History and Heritage: Convict Work Sites
The influx of transported convicts, penal administrators, civil and military officers and their families, had a significant and last impact on the island. Their labour has filled the Tasmanian landscape with sandstone streetscapes and grand homes. Much of their work is still used today, from Australia's oldest bridge, to small cottages, public buildings and wonderful streetscapes. Most of these convict built sites have been given heritage listing, protecting them for the enjoyment and education of future generations.
Eleven of Australia's most important and highly significant convict sites were inscribed on the World Heritage List, all of which were included in the Australian Convict Sites World Heritage serial nomination lodged with UNESCO by the Australian Government in January 2008. Of the eleven sites, five are in Tasmania.
Cascade Female Factory
Built near the base of Mt Wellington in 1828, this self-contained, purpose-built institution was designed for reformation of the thousands of female convicts sent from the prisons of Britain to Van Diemens Land. The factory was separated and hidden from the main settlement of Hobart. Here the inmates did laundry, picked oakum and needlework services, offsetting some of the colony's penal costs. Approximately 25,000 female convicts were transported to Australia (some 15% of the convict population). The site of this once busy and crowded place today comprises of the original five yards, the matron's cottage and substantial ruins of the perimeter walls.
Port Arthur Penal Station
Of all the convict related historic sites around Australia, none so graphically tell the story of Australia's convict past that the ruins of the convict settlement at Port Arthur. The place is a window into modern Australia's beginnings, and paints a vivid picture of the lives and times of those poor wretches who were transported to Australia from Britain to start a new life on the other side of the world.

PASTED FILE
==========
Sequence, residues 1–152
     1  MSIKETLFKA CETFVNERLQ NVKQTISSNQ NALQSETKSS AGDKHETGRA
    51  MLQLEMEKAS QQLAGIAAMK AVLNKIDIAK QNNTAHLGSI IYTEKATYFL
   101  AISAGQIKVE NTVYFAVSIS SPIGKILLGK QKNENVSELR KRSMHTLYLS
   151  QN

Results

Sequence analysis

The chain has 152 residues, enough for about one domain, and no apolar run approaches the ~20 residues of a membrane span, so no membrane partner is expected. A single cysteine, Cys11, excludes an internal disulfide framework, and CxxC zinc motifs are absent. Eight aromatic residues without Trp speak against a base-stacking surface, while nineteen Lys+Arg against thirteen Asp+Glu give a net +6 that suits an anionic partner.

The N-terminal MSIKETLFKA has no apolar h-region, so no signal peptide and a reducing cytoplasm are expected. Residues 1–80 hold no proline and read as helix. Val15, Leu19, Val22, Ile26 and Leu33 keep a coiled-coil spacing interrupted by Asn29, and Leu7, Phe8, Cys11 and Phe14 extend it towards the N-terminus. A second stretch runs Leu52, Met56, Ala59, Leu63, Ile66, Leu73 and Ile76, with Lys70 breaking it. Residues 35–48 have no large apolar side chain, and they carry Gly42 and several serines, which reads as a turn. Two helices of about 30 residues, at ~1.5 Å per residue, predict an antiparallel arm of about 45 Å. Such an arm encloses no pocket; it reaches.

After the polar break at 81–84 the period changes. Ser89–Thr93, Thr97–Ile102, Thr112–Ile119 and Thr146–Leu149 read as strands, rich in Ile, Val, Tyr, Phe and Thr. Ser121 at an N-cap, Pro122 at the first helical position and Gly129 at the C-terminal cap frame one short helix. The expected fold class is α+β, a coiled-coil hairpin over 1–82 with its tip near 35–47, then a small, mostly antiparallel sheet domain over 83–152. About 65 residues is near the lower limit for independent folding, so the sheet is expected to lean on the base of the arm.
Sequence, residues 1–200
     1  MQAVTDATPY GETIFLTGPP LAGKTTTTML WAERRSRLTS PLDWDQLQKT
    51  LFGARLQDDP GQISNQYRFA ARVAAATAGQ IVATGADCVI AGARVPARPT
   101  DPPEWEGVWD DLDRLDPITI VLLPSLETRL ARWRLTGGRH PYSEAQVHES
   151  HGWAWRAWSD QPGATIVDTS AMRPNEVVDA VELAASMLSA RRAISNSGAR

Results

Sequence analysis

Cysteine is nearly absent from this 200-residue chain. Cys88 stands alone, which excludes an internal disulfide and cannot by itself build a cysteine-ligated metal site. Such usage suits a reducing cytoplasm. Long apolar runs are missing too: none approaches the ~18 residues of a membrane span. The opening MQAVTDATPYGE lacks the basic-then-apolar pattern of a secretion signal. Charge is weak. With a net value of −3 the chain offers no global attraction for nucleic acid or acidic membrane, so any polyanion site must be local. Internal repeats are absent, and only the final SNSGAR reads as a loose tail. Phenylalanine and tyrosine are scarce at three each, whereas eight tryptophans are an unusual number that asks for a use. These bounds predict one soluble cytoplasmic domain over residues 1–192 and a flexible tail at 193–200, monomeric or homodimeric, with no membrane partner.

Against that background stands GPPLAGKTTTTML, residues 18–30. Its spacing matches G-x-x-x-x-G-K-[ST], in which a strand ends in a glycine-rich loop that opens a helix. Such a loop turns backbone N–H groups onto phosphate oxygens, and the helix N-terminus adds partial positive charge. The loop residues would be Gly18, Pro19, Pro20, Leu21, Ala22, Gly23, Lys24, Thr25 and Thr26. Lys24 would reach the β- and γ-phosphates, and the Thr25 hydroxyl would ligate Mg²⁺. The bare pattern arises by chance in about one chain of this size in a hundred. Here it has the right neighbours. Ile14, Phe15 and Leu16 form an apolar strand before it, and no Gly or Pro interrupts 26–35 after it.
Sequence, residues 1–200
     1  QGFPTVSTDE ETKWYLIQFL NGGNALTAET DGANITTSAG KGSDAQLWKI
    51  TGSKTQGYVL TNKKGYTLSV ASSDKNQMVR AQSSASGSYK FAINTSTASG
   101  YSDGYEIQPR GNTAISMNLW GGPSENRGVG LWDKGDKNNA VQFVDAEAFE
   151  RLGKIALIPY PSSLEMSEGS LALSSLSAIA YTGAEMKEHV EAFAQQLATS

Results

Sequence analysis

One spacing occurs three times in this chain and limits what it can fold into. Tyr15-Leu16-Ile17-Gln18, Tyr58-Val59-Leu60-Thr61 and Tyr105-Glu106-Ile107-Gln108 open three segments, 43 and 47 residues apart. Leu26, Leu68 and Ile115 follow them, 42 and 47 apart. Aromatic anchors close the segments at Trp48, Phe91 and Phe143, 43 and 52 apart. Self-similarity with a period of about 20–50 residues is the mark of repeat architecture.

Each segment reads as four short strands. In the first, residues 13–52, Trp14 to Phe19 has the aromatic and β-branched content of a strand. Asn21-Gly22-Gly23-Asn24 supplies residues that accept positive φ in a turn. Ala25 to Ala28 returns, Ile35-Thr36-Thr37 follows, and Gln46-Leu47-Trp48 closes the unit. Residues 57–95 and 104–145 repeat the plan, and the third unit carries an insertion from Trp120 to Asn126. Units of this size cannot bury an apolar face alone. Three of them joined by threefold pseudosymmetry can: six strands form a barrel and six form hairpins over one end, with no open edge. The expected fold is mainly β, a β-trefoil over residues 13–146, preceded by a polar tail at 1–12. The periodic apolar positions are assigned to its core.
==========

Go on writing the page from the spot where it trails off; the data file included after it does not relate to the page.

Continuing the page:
The convict settlement on the shores of Mason Cove, Port Arthur Historic Site operated as a penal station for secondary offenders until 1877, and developed into a major industrial complex. The site's conservation progam and cleverly refined ways of storytelling allow visitors to soak up the fascinating and brilliantly varied themes of this historic site.
Saltwater River Coal Mine
This was Tasmania's first operational mine, established as a much-needed local source of coal, but also as a place of punishment for the worst class of convicts. It played an important role in the development of the colony, and held up to 500 convicts. It was regarded as a particularly severe place of punishment. At any one time, around 60 convicts were sent to work in the dark, hot damp tunnels of the mine which operated from 1833 to 1848. At the site are remnants of the main settlement include the prisoners' barracks, chapel, officers' quarters and solitary cells. The ruins of the colliery, including the circular depressions of the mine shafts, can be viewed at close range.
Macquarie Plains Estates
Brickendon and Woolmer Estates were private farms that utilised assigned convicts, both male and female, who worked largely in agricultural jobs and contributed to the development of Tasmania's pastoral industry.
Brickendon Estate was established by an early pioneering family in 1824 just outside the historic town of Londford. Now in its seventh generation of farming by the Archer family, the property was established as a place of Assignment, where convicts were put under the control of a private land owner as a free labour force and were provided with food, shelter and reformation through religious instruction. The estate is a complete farm village, with hedgerows, original convict buildings, estate gardens and homestead set in a rolling landscape, just as William Archer created it.
Woolmers Estate is a grand homestead, not far from Brickendon, looking across the plains to the Western Tiers. Built by one of the Archer brothers, to visit the estate is to take a step back in time into the life of a successful early Australian settler, his family and the convicts who supported it all. The homestead has all the original fixtures, furnishings and a vast collection of personal possessions still in position. The grounds and out-buildings demonstrate the wealth created by using assigned convict labour.
Darlington Probation Station
Stragegically located on Maria Island on Tasmania's east coast, the Darlington Probation Station was part of a grand scheme to reform convicts through work, eduation and religious instruction. The island's beauty belays the hard work that took place here. Today, the island landscape is covered with the evidence of the well organised and structured probation system. In total, Darlington Probation Station has some 16 surviving sites dating in some cases to the 1820s. It is possible to sleep in the 1830s convict penitentiary, prepare one's meals in the mess hall or hike along one of the many convict roads.